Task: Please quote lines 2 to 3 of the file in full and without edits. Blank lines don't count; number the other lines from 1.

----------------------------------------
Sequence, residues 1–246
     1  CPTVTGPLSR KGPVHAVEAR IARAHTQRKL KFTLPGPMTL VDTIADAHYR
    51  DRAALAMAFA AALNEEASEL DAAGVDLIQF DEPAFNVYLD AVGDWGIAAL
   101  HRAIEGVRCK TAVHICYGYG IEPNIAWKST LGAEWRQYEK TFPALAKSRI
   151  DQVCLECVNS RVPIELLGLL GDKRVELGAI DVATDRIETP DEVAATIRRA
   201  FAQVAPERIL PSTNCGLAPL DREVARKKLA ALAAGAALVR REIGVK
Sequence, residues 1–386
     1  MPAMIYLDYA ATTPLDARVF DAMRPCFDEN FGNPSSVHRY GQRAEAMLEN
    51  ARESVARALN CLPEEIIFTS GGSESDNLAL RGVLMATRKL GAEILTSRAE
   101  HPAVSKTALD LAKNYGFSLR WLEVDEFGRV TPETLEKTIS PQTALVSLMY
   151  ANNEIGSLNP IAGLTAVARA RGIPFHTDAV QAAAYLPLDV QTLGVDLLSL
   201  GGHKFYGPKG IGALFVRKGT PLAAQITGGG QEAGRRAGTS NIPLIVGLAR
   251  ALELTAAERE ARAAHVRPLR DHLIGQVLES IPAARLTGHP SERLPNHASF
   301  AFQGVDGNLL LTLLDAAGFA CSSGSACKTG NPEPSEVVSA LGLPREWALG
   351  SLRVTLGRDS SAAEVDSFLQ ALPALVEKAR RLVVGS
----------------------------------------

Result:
     1  CPTVTGPLSR KGPVHAVEAR IARAHTQRKL KFTLPGPMTL VDTIADAHYR
    51  DRAALAMAFA AALNEEASEL DAAGVDLIQF DEPAFNVYLD AVGDWGIAAL